Tuning pegs on an acoustic bass typically aren’t all that different than those you’ll find on an electric, so there really isn’t that much to compare in that regard.
This one is fairly sweet and simple…
Have you ever played an electric bass without it being plugged in? If so, could you even hear it?!?
Right. I couldn’t hear it either.
That’s not the case with an acoustic bass – no amp required, here. I’m not saying that it’ll be loud enough to play in a live setting with a band, but you WILL be able to hear it in all it’s rich, warm, and full bottom-end glory…
Which acoustic bass guitar is best for a beginner?
The answer to this boils down to a specific way of thinking:
‘Buy the best instrument you can with the amount you have budgeted to spend.’
There are some things that you really don’t need to consider if you’re a beginner. That’s important, because having some of the higher-end features can very easily translate into – you guessed it – a higher price.
For example, you may be able to find a perfectly capable beginner’s model that doesn’t have:
A Solid Top
Typically you’ll have two choices – solid and laminate.
Laminates are basically thin pieces of plywood, and their biggest claim to fame is that they are less expensive to manufacture. While the cost factor is a big one, many times the tone of the instrument may suffer.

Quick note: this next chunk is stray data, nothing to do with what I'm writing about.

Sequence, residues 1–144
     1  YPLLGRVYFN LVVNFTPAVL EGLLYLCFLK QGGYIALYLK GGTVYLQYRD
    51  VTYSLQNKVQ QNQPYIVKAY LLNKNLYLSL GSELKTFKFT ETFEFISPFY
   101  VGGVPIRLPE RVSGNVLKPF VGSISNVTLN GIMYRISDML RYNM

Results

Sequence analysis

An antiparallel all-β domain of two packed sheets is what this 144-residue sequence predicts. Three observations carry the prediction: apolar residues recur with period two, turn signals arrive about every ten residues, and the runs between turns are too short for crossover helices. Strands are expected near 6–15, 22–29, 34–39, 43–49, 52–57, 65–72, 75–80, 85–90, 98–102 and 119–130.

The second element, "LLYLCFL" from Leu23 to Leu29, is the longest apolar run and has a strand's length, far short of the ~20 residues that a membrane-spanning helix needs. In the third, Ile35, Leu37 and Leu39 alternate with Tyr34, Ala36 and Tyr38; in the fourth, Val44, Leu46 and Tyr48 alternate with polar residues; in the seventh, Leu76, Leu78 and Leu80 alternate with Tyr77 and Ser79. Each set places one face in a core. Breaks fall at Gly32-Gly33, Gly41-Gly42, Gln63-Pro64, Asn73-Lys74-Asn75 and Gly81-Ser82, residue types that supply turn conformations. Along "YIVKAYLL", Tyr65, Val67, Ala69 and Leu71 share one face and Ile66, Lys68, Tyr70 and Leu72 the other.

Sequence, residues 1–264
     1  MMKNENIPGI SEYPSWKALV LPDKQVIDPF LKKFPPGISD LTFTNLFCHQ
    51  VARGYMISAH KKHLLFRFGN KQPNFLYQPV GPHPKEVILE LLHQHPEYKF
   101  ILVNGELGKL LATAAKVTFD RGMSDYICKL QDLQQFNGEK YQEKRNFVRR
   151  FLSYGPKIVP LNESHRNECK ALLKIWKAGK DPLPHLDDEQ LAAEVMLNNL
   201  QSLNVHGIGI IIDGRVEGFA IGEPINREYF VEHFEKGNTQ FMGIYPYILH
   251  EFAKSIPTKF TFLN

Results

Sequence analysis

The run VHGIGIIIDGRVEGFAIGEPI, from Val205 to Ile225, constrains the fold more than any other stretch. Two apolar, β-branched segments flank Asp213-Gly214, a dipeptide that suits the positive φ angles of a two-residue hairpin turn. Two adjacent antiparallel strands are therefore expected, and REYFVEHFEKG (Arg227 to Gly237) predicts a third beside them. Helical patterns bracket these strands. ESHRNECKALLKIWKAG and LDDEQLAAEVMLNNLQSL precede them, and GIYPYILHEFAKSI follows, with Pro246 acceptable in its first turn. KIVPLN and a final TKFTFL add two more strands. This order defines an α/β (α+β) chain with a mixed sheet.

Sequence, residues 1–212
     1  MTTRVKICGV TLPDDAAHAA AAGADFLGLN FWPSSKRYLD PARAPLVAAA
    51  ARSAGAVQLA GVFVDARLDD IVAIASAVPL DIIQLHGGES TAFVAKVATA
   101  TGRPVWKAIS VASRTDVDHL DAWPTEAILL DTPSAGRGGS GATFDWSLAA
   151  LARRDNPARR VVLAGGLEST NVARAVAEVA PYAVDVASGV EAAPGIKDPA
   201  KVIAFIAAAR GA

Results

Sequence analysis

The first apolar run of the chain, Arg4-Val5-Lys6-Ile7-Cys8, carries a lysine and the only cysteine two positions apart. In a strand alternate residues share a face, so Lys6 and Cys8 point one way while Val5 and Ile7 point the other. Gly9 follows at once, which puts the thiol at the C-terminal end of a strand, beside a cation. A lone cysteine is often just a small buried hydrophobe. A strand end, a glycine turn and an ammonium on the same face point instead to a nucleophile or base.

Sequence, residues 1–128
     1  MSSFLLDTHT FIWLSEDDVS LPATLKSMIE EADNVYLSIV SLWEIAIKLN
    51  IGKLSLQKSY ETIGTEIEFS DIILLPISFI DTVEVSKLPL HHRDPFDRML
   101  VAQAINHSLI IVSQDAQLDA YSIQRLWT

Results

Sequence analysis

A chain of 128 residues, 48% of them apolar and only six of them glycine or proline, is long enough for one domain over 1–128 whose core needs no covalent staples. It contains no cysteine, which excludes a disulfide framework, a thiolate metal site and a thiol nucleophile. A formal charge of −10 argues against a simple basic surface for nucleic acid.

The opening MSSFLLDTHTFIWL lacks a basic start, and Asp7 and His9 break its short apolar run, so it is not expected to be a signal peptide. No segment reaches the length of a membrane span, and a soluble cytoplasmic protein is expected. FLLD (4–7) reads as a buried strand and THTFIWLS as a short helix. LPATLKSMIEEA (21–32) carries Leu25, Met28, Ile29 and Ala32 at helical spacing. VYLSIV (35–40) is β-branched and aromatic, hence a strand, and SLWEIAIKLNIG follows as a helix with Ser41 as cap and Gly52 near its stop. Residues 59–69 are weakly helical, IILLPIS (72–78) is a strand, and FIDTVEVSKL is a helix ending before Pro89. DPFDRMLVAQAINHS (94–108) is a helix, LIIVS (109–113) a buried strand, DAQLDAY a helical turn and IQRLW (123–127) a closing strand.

Enough for a beginner to really notice? Nah – probably not.
But a good set of experienced ears can tell that a solid top will sound better.
An Advanced Preamp
You’ll notice that all of the models on my list have some sort of pickup/preamp system installed. Some are more advanced than others, with multi-band EQ systems, phase switches, and special features to help avoid feedback.
All you really need at the beginner level is a volume knob and a tone knob.
Sure, onboard tuners are extremely handy, but you could get by with an inexpensive clip-on tuner.
Same tradeoffs as the solid vs. laminate top – a preamp model with less features may not let you have as many tone shaping options, meaning that your overall sound may suffer somewhat. But that may not be all that big of a deal if you’re just starting out.
Ok – so this isn’t technically a ‘feature’ per se, but it’s pretty important. Some budget minded models can have less than stellar build quality, and many times you can tell just by picking it up and playing it.